Intel releasing new low-cost chip

Intel is accelerating its release schedule for Celeron processors.

Michael Kanellos Staff Writer, CNET News.com
Michael Kanellos is editor at large at CNET News.com, where he covers hardware, research and development, start-ups and the tech industry overseas.
Michael Kanellos
2 min read
Intel has once again accelerated its road map for low-end Celeron processors, moving up the release of faster versions with integrated high-speed memory from next quarter to this one and adding a 366-MHz version of the chip in the first half of 1999.

The new 300-MHz and 333-MHz chips will follow better-than-expected progress in implementing the company's most advanced 0.25-micron manufacturing process, according to an Intel spokesman. Generally, improved production yields permit Intel to come out with faster chips earlier than expected.

Questions have arisen, however, about how Intel will market the improved Celeron, which will now pack 128K (kilobytes) of high-speed cache memory, making the chip competitive with higher-end Pentium II processors. Current Celeron chips have no cache memory, which negatively impacts performance, but Pentium II chips do have this extra memory.

Plans for the advance release coincide with market gains made by archrival Advanced Micro Devices in the low end of the consumer segment. AMD saw its processor sales increase from 1.6 million to 2.7 million from the first quarter to the third quarter.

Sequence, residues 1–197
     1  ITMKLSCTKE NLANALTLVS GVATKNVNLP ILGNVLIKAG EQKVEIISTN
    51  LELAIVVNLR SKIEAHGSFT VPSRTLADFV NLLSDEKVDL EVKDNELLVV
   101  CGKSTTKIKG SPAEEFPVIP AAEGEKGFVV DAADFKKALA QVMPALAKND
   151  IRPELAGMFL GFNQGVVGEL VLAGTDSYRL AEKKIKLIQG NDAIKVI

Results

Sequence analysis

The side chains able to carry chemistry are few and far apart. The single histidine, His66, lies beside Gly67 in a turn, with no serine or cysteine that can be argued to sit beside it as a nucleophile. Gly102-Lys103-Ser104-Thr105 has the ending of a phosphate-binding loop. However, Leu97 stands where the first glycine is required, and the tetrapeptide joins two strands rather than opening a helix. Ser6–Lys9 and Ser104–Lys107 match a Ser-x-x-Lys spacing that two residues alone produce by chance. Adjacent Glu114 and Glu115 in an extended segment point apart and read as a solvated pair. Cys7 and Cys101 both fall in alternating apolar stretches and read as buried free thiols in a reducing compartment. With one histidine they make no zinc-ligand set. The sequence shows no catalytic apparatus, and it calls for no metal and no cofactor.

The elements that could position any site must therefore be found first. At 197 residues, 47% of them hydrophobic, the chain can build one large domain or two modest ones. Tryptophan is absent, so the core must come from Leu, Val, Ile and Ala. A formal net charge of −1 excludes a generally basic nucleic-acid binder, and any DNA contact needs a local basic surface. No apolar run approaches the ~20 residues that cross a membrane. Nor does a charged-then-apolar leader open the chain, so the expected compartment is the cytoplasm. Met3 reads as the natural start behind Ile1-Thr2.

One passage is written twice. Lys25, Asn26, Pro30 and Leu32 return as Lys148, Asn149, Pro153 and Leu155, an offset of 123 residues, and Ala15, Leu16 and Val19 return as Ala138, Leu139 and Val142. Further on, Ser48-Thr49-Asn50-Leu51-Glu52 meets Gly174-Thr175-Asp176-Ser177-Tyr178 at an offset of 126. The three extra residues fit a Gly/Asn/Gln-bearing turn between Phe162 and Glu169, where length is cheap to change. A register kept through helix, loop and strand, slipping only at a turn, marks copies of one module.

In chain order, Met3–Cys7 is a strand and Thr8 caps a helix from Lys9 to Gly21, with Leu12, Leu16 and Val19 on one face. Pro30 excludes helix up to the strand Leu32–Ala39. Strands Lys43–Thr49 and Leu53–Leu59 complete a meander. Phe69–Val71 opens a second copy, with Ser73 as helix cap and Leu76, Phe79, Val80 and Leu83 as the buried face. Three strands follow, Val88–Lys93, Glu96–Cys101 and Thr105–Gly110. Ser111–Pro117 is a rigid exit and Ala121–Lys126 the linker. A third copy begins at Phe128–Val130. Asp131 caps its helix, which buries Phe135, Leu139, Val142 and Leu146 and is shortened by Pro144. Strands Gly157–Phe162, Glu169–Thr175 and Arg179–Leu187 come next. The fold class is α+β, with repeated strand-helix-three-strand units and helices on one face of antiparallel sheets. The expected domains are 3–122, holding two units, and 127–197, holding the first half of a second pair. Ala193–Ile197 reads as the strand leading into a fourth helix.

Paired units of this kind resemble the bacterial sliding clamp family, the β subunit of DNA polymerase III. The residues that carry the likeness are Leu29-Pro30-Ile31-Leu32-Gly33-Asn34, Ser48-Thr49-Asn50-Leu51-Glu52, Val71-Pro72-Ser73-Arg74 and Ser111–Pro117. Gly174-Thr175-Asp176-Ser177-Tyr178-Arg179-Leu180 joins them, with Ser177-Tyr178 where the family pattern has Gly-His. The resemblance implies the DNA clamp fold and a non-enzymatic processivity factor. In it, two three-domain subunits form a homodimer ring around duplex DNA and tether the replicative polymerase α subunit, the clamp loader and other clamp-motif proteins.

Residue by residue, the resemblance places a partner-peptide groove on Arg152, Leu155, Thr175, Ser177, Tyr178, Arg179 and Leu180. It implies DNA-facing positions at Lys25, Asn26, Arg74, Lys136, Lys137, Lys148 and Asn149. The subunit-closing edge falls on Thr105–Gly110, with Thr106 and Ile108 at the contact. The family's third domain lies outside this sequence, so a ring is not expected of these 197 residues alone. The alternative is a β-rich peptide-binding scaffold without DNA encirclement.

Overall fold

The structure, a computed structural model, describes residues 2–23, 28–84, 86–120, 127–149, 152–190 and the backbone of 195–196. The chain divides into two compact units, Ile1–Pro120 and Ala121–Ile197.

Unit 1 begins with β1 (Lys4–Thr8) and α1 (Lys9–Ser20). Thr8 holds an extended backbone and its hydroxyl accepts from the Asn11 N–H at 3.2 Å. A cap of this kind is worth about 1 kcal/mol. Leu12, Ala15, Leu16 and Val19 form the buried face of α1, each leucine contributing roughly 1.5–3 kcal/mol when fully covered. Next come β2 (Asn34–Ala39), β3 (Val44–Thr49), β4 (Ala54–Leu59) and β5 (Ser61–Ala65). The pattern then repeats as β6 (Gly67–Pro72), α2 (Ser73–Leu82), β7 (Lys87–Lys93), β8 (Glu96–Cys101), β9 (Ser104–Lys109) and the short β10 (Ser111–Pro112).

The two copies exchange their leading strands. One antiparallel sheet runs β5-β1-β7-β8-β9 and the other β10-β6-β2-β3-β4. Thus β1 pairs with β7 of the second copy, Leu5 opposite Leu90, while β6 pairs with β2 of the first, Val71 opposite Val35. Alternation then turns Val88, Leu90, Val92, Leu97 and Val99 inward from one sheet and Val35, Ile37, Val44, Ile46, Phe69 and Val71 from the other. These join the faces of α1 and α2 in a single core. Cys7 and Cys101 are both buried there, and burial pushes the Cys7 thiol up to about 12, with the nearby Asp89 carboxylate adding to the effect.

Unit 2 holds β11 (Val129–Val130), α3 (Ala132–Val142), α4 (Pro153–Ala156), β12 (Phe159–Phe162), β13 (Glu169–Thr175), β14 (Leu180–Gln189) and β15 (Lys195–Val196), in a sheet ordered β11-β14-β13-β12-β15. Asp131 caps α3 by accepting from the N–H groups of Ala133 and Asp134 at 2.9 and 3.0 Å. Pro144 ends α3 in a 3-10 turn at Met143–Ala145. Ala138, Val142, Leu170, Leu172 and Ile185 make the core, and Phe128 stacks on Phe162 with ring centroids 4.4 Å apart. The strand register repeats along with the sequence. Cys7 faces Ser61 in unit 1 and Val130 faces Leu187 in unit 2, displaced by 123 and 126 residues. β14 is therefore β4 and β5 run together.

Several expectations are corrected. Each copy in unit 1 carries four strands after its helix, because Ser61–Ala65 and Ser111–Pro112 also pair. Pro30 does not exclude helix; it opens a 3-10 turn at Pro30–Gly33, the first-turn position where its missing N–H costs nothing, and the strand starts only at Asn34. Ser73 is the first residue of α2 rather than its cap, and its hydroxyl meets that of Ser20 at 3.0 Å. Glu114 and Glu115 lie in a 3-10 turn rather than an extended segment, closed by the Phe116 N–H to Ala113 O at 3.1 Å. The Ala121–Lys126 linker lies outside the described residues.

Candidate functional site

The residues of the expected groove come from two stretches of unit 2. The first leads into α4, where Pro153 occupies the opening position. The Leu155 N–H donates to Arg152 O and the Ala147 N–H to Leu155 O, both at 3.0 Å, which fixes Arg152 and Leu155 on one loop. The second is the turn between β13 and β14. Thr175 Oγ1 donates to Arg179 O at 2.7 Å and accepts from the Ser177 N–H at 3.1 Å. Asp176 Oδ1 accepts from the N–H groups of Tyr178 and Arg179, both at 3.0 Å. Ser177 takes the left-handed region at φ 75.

A PC Data study touted by AMD states that the Sunnyvale, California, chipmaker captured 34.8 percent of the retail PC market in June and over 50 percent of the sub-$1,000 retail market.

Celeron is positioned to sell for $100 to $200. Standard Pentium IIs start at $200, according to Michael Slater, founder of MicroDesign Resources. Justifying price differences between these processors will increasingly become a problem for the company.

Interestingly, Intel will get around the problem in the future by introducing standard Pentium IIs with memory integrated directly on the processor, like the newest Celerons. Typically, Pentium IIs have this extra memory integrated into the chip package--as a separate chip--but not directly on the processor. The latter usually results in faster performance.

Dixon, which comes out in the first quarter of next year will have the memory integrated directly on to the processor. Intel said last week that Dixon will not be a Celeron product. This is good, said Slater, because Dixon will outperform Pentium IIs running at the same speed.

Intel will also continue with its price cuts. Intel confirmed that it will cut prices again on July 26, as reported earlier. Under the new price cuts, the 266-MHz and 300-MHz Celeron chips without cache memory will go to close to $100, according to sources. The 333-MHz version is expected to be priced at around $179 in volume.

For standard Pentium IIs, prices for the 400-MHz will drop to $550 while the 350-MHz will drop to $395. The 333-MHz version of the chip will descend to $295 and the 300-MHz and 266-MHz will sink toward the $220 and $200 marks, respectively.